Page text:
COVID-19 Testing Questions: Experts Wonder if Congressional Response will Help Small Businesses, Employees
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While President Trump says the coronavirus doesn't stand a chance, other voices question that assessment when testing for the disease is limited.
From the Oval Office on Thursday, the President talked about the 32 American deaths due to COVID-19 and defended stopping travel first from China and now parts of Europe.
"I think we'll re-establish very quickly once this ends and it's just a question of time and I think it'll go pretty quickly," Trump said.
Still, the president pushing for a $700 billion payroll tax cut, a proposal that is falling flat among Democrats. It follows last week's passing of an $8.3 billion spending package aimed at battling the coronavirus.
Experts testifying in front of a congressional committee say those measures do little to help small businesses or their employees.
"My greatest fear is these people who work for small businesses will go to work with coronavirus," said Dr. Gerard Anderson, a professor at Johns Hopkins University. "The shop keeper will want to keep his business open because they don't have the funds to keep the office closed for 14 days. The worker will not want to report that she has coronavirus because she probably doesn't have sick leave."
Now, as potential cases grow, testing still seems increasingly limited -- a problem some countries don't have.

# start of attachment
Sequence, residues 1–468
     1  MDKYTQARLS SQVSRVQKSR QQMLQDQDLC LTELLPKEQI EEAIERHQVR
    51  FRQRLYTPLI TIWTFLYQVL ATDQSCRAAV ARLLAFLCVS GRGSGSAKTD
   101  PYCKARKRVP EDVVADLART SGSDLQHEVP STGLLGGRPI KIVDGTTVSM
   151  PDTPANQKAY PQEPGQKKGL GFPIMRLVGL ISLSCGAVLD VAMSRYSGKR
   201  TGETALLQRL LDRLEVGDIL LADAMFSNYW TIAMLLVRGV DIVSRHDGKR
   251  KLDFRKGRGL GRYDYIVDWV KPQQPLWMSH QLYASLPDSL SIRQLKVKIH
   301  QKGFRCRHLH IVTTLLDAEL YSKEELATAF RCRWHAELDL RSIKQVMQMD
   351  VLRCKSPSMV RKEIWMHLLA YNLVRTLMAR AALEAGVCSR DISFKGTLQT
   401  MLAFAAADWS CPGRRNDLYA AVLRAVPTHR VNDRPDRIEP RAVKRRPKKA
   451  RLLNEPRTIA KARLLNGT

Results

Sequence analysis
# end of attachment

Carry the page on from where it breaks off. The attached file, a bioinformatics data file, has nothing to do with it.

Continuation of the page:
"The system does is not really geared to what we need right now, what you are asking for. That is a failing. It is a failing," said Dr. Anthony Fauci, director of the National Institute of Allergy and Infectious Diseases. "The idea of anybody getting it easily, the way people in other countries are doing it. We're not set up for that. Do I think we should be? Yes, but we're not."
Meanwhile, in New Rochelle, New York, the National Guard is on the job after Gov. Andrew Cuomo (D-NY) established a perimeter to hopefully contain the number of exploding cases in the Empire State.
One shop owner labeling an area as a safe zone where people can buy things like wipes and Lysol.
"You sense a sense of panic from the consumer. You sense worry and, of course, that translates over to the employees and management where we're concerned as well," said Jose Filipe, owner of New Rochelle Farms Supermarket.
More than 100 colleges and universities are closing their doors because of the pandemic.
Taylor Klass, a student at Ohio State University, says spring break this week will be followed by online classes only. But she and others are there doing lab work.
"It's mostly been confusion just because we don't know what precautions we should take and if we should be here or if we're allowed to be here," she explained. "I feel safe especially since there are no confirmed cases in Columbus right now. I wash my hands a lot."
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